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  • RIT pack material

    We currently use a RIT pack to hold an SCBA bottle,mask and a system of hose and couplings to adapt to Depts SCBA's. Or current pack is a custom made from cordura nylon. My concern is that this would melt at reletively low temps and render much of the contents useless. Having a replacement bag made of nomex etc. is very expensive. Any thoughts or suggestions would be appreciated.

  • #2
    Our pack doesn't enter the building. We remove everything except the rope clip it with a caribeener near the front door and only the rope goes in from there. Everything else is laid out on a tarp and each team member brings in a piece of equipment.

    Try that out and see how it works for you.
    Steve Dragon
    FFII, Fire Instructor II, Fire Officer I, Fire Appartus Driver Operator Certified
    Volunteers are never "off duty".
    http://www.bufd7.org

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    • #3
      We have one person carry the pack on their shoulder, as to not have the weight of everything in one bag. As far as deploying the RIT into a actual rescue, I do not see the point in leaving the Spare SCBA outside for the simple reason, when the downed firefighter runs out of air, do you/would you have the time to get a spare into the area, especially if this firefighter is pinned? Also, would you want to split up your team to get the equipment? Would you leave the downed firefighter? I feel the spare should be with the RIT at all times. On a tarp outside is ok for the RIT if they are not deployed. Just my 2 cents worth.

      Take Care and Be Safe.

      Jim Crawford, any bags that you know of to help out DRC?
      John Williams
      NRFF1
      City of Clairton
      Fire / EMS

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      • #4
        Sounds like a good 2 cents to me, Scene. One of the reasons I could see leaving a BA outside, only temporarily to be brought in maybe by additional personnel, could be a downed FF in an unknown location. It might be easier to deploy a search team, locate and size-up the problem/entrapment/etc, and then bring in the cavalry with necessary goodies to effect a successful FF rescue. But every scene is different...

        [ 01-13-2002: Message edited by: Mr. Freeze ]

        ...if you put the handline in the right spot, you won't have to jump out the window...
        -Andy "Nozzles", SQ18, 9-11-01

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        • #5
          Let me re-phrase my post since it seems to be confusing.

          We lay out all the equipment on a tarp. Then before each member of the team enters the building they grab a piece of equipment off of the tarp and take it with them, including the spare pack and mask.

          We find it easier than having one or two people carrying the fully equipped bag.
          Steve Dragon
          FFII, Fire Instructor II, Fire Officer I, Fire Appartus Driver Operator Certified
          Volunteers are never "off duty".
          http://www.bufd7.org

          Comment


          • #6
            DRC - check out this RIT bag, it's designed to hold a full SCBA, spare cylinder or RIT SCBA plus search ropes, hand lights, webbing, etc. It's constructed of heavy duty vinyl material that will take a beating - it the same as used on our hose packs which are in service throughout the country with all different size depts. from small "vollie" FD's to major cities like Philly so it will stand up to the abuse.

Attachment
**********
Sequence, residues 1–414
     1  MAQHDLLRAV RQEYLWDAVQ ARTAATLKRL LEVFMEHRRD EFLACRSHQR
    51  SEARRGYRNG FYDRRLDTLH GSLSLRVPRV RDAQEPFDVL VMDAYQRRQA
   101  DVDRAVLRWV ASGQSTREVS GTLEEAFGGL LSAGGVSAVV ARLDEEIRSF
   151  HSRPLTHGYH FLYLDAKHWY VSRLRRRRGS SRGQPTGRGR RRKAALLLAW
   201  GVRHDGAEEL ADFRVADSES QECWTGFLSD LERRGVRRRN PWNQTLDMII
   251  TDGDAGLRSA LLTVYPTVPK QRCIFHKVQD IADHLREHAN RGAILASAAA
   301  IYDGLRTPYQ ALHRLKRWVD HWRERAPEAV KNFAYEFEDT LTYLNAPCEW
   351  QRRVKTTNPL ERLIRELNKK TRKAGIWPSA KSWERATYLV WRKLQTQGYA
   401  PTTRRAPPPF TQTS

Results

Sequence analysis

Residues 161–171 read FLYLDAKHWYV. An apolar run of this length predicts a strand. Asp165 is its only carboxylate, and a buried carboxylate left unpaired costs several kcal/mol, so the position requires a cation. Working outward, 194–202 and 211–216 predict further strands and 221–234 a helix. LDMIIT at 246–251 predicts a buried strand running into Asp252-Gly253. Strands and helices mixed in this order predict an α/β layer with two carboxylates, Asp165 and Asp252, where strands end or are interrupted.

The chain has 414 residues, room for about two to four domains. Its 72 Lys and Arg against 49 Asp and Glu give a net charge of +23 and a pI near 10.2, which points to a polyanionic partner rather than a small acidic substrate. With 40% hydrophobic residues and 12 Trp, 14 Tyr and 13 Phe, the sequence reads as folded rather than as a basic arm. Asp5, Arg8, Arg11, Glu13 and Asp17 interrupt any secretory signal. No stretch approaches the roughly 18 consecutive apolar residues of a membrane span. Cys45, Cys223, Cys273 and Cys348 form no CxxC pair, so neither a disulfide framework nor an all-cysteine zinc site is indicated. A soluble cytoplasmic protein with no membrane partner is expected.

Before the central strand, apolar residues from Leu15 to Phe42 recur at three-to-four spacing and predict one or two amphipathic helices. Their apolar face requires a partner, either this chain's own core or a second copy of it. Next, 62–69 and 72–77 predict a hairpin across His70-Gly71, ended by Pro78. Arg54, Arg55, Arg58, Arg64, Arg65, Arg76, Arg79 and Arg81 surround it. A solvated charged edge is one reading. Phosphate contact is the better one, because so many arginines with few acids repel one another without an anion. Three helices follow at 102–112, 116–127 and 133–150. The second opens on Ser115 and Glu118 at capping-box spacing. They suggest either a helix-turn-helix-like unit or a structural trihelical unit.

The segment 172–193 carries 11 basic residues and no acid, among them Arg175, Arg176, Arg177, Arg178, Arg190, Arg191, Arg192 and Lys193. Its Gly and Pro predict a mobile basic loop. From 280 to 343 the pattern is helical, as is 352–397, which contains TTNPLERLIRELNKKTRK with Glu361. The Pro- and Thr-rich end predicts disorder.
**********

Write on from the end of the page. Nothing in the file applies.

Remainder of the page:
Go to www.fire-rescueoutfitters.com & click the Rapid Intervention link, scroll to page 2 & check out the Rescue Crew Bag. Any questions, click the e-mail link.

            Hope this helps you out. Stay Safe.

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            • #7
              Just some thought on so called Rit Teams. I could get into along issue about this topic, but now is not the time. There are so many differnt versions of what a Rit Team really is. And not only "What"but there job function as well. A Rit Team is a tool, like any other tool that we have in the fire service, it is part of our "Arsenal", and the old saying that a tool is only as good as the person that is using the tool, this is a true statement. I do a lot of training thru out the country, and I here so many different versions about a Rit Team that it scares me sometimes. I don't mean to sound crude, but I take our job very seriously. My partners and I are dedicated to the fire service. On September 11th I not only lost one of my partners with Technical Rescue, I lost one of my best friends, Lt. Dennis Mojica from Rescue 1 FDNY, who I work with on the job and off the job. We were a team, Tom Brennan Retired Capt.FDNY,Lt,Dennis Mojica, and My self. And the newest member Kevin Shea Retired Lt.FDNY former member Rescue 1. If there is any way that we could be assistance to any one please contact me at my e-mail ([email protected]), Thank you. Dennis Amodio.

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              • #8
                New R.I.T. Bag

                I am asking anyone who operates a R.I.T. if they are looking for a sturdier, more heat resistant bag to carry their equipment in.

                How important would the features such as; high heat resistance,high abrasion and moisture resistance be to all who are thinking about a new type of R.I.T. bag? What size would be appropriate to fit most needs? What equipment do most of you put in your current bags?

                I am currently working on such a R.I.T. Equipment Bag and need as much feed back as possible from all of you out there.



                STAY SAFE!!

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